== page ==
• Lindsey Vonn made the mistake of answer a reporter’s question about politics and it made her the target of Twitter trolls, who celebrated her disappointing Super G result (6th place). Other athletes came to her defense and called it "un-American" to cheer against a U.S. athlete. But she seemed to take it in stride, saying she was focused on her next race, which is Wednesday.
• Canadian short track speedskater Kim Boutin was the target of messages so hateful, including death threats, that she had to shut down her social media, after officials awarded her third place by disqualifying South Korea’s Minjeong Choi for interfering with Boutin.
• Shaun White’s record-breaking third gold medal in snowboard halfpipe should have been a simple, glorious moment for U.S. fans. But the way he handled questions about a sexual harassment suit brought by a former friend and member of his band marred the moment. He did offer an apology not only for the behavior that brought the suit, but for being flippant in responding to questions.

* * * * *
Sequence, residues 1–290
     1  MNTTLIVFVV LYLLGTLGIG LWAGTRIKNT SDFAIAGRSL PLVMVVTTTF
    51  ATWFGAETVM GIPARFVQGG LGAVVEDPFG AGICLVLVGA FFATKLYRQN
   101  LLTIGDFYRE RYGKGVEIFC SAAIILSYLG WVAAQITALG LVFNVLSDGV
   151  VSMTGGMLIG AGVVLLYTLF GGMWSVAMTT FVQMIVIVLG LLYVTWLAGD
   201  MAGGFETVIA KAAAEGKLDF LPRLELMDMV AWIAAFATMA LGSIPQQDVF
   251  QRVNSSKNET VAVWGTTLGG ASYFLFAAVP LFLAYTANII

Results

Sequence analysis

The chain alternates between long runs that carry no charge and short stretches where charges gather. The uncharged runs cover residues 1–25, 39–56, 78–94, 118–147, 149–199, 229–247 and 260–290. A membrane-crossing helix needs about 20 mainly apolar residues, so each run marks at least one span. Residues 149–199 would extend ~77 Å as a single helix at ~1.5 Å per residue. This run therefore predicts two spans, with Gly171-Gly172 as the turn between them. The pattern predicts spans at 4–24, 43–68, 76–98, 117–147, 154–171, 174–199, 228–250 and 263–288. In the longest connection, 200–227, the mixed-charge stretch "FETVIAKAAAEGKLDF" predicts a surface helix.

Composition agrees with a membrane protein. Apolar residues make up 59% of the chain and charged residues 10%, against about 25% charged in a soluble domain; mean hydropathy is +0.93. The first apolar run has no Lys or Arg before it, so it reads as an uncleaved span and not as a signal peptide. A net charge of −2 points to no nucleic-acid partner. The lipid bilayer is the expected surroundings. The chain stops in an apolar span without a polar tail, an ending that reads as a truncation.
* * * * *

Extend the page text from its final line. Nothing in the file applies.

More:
With a week left, and plenty of champions yet to be crowned, there will be more moments that inspire and likely more moments that will reveal the dark side of competition.
Among those moments with the potential to inspire are:
• The debut of big air with finals on Feb. 23 (women's) and 24 (men's).
• The women's downhill on Feb. 21.
• The men's 500 and women's 1000 short track races on Feb. 22.
• The medal rounds of hockey.
• Four-man bobsled races, on Feb. 23 and 24.